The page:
The Northern Kentucky Academic League was founded in the 1980s by a group of Academic Team coaches who wanted to recognize and promote academic excellence through competition.  The league has grown to include nearly ninety schools and encompassing five counties in Northern Kentucky.


Weekly Competition

How Does an Academic Team Compete in NKAL?

Students participate in weekly games where they compete in “Quick Recall” which is comparable to Quiz Bowl or the television series Jeopardy!  Teams are allowed to seat four players at a time, though they may have as many players on the ‘side lines’ as they wish.

Format of Competition

Quick Recall, features two halves of tossup and bonus questions from a packet that have been prepared by the League.  The competition begins with tossup questions that are read aloud by a moderator   After the question has been read the competitor has five seconds at the Middle & High School levels or ten seconds at the Elementary level to ‘buzz in’ and attempt to answer the question.  If no one has attempted to answer the question, or if other teams have answered incorrectly, the moderator will move on to the next question.

During a tossup question competitors use buzzers (a signal indicating device that sounds a “buzzing” noise and – depending on the system powers a light – while simultaneously locking out other competitors) to alert the moderator they are ready to answer the question.  Competitors may interrupt the reading of the question without penalty; however, if they give an incorrect answer, the rest of the question is read for the other team.  Unlike other states and other forms of academic competitions there are no ‘negs’ or ‘powers’ for anticipations.  The student, after buzzing and being recognized by the moderator, must answer immediately or ‘hesitation’ is called with prejudice for the rest of the team and the opposing team is given an opportunity to answer.  Only one incorrect answer is allowed per team; if an incorrect answer is rendered the opposing team is given opportunity to answer.  If the opposing team does not answer within five seconds of if they do so incorrectly the moderator moves on to the next question. During tossup questions competitors may not confer with each other.  Each correct answer is worth one point.

If a team answer correctly, they are asked a bonus question for their team only. The team has ten seconds to discusses and give a complete answer which must be given by the captain.  Each team has one captain though the captain may alert the moderator that they are designating another team-member to answer.  No additional time is given for the designee.  Each correctly answered bonus is worth one point.

If a team does not answer a bonus question correctly or fails to render an answer in the ten seconds allotted the opposing team is given an opportunity to answer the same question.  Once acknowledged by the moderator the team captain must immediately give an answer or designate a team member to answer, the designee must also answer the question immediately upon being recognized.  Bounce-backs are worth one point.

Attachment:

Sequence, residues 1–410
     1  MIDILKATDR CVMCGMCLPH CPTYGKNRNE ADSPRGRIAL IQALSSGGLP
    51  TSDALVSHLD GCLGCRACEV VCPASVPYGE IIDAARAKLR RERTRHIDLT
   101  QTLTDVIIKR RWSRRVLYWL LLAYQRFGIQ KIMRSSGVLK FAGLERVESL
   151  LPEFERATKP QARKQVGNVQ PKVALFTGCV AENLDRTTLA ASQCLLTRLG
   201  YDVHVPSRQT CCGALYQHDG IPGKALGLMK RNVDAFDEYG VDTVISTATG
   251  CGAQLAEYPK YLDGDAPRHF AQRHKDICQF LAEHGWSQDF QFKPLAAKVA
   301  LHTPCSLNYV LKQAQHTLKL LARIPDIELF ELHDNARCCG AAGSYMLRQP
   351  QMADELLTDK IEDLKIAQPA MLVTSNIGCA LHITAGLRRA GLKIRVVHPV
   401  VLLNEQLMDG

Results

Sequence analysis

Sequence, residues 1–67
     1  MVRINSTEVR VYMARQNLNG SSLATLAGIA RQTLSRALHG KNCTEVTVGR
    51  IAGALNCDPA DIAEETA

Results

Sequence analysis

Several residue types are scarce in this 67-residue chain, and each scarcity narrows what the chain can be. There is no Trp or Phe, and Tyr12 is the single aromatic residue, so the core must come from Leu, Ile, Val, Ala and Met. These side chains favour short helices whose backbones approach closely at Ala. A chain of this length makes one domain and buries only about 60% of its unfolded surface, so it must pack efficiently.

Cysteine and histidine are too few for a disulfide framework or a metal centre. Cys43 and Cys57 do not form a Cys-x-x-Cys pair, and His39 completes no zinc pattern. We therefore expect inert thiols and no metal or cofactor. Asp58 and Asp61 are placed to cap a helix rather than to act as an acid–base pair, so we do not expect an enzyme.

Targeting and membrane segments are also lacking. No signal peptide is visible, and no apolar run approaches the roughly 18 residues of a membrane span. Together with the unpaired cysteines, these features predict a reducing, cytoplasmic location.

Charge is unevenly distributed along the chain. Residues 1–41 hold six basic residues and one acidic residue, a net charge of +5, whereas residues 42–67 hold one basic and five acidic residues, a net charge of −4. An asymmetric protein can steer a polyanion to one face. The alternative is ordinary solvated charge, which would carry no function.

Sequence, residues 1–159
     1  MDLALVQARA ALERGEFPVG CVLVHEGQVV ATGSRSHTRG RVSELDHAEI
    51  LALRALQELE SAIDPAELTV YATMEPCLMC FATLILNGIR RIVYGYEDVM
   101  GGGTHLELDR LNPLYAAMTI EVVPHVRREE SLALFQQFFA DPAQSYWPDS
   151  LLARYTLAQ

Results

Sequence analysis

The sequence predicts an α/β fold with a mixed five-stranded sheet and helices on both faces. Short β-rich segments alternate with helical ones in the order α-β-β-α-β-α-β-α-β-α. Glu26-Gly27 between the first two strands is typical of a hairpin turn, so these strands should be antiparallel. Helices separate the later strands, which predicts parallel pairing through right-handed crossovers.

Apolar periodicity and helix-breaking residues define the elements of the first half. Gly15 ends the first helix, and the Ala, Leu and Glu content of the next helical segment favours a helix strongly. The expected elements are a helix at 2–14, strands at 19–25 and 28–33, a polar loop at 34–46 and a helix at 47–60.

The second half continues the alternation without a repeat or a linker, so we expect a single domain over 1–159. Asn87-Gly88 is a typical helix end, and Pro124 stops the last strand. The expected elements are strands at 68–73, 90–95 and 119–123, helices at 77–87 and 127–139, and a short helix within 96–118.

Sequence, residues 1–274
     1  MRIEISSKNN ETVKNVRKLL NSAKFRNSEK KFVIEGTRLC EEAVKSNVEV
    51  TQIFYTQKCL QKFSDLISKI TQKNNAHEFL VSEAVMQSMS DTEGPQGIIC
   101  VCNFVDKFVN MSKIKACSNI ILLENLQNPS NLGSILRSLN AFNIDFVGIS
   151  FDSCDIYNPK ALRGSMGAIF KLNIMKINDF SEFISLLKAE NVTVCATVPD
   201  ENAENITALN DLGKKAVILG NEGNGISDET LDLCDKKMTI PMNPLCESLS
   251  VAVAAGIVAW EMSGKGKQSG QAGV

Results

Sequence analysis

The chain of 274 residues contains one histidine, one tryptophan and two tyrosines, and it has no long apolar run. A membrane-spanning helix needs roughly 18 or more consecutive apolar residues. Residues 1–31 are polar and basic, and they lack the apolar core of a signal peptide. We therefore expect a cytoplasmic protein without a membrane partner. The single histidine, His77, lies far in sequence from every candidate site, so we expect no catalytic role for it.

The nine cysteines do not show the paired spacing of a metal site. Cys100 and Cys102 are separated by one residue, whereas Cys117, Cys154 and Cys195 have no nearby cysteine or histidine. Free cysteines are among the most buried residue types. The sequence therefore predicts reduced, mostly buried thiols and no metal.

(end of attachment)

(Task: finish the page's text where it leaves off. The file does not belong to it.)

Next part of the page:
The winner is the team with the most amount of points at the end of the second half.  Should there be a tie, an overtime tie-breaker of five tossup questions are asked.


Elementary schools use a set of 30 questions that are to be read in 10 minutes. Middle Schools use a set of 40 questions that are to be read in 12 minutes. High schools use a 50 question set that is to be read in 15 minutes. After the time has elapsed, no other questions can be read in that ‘half’.  All questions are written to be grade level appropriate.

The questions are divided into 5 subject areas: Math, Science, Social Studies (History, Geography, Current Events, Economics, Sociology), Arts and Humanities (Art, Music, Dance, Mythology, Religion, Pop Culture), and Language Arts (Literature [heavy emphasis here], Grammar, Literary Terms.)  The questions are divided equally amongst the subject areas.  (i.e. there are 20 questions from each area [plus one alternate from each area] in every 100-question game.)


Quick Recall matches are officiated by a four person team, made up of moderator, judge, spotter, and score-keeper.  Moderators read the questions, judges the correctness of the answer, and makes hesitation calls. The ultimate match authority however, resides with the judge, who can overrule any other decisions made by an official. Judges monitor the performance of the other officials and rule on inquires. A scorer keeps the official match score. The spotter recognizes the players who buzz in and operate the buzzer system. The standard format is school name and then player name. (e.g. “Dixie, Rick”.)  Even though there are now computer based systems that will keep scores, an official match score must always be kept on paper.


Quick Recall competitions, along with Future Problem Solving and Written Assessments (tests on subject areas) are parts of tournaments.  Teams receive points for individual performance in the written exams and for the wins in the quick recall rounds. The team with the most points wins the tournament.

Written Assessments are fifty multiple-choice question test to be completed in forty-five minutes in the following subject areas: Science, Social Studies, Composition, Mathematics, Arts & Humanities, and Language Arts/Literature. The only assessment that breaks from the multiple-choice format is the composition assessment which is an open ended question on a given topic.  Language Arts exam is based around a “focus work,” a piece of literature whose title is given to the participant before the competition.  The same exam (or topic/focus work in the composition and language arts assessment) is given to each competitor.   Each multiple-choice exam also has two tie-breaking open ended questions which are only graded in the event that two (or more) competitors receive the same score.